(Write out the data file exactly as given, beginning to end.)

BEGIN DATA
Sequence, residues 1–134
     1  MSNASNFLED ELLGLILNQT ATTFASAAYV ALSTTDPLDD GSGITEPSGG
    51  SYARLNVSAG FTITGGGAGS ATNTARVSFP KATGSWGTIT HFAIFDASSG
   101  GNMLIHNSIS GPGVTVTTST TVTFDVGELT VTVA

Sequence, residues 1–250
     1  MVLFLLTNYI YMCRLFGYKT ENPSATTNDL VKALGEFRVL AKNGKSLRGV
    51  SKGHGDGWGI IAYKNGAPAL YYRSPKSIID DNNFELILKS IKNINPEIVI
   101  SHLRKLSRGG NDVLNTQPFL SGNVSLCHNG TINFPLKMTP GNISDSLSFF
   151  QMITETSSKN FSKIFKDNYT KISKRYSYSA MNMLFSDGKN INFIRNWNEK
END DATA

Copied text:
Sequence, residues 1–134
     1  MSNASNFLED ELLGLILNQT ATTFASAAYV ALSTTDPLDD GSGITEPSGG
    51  SYARLNVSAG FTITGGGAGS ATNTARVSFP KATGSWGTIT HFAIFDASSG
   101  GNMLIHNSIS GPGVTVTTST TVTFDVGELT VTVA

Sequence, residues 1–250
     1  MVLFLLTNYI YMCRLFGYKT ENPSATTNDL VKALGEFRVL AKNGKSLRGV
    51  SKGHGDGWGI IAYKNGAPAL YYRSPKSIID DNNFELILKS IKNINPEIVI
   101  SHLRKLSRGG NDVLNTQPFL SGNVSLCHNG TINFPLKMTP GNISDSLSFF
   151  QMITETSSKN FSKIFKDNYT KISKRYSYSA MNMLFSDGKN INFIRNWNEK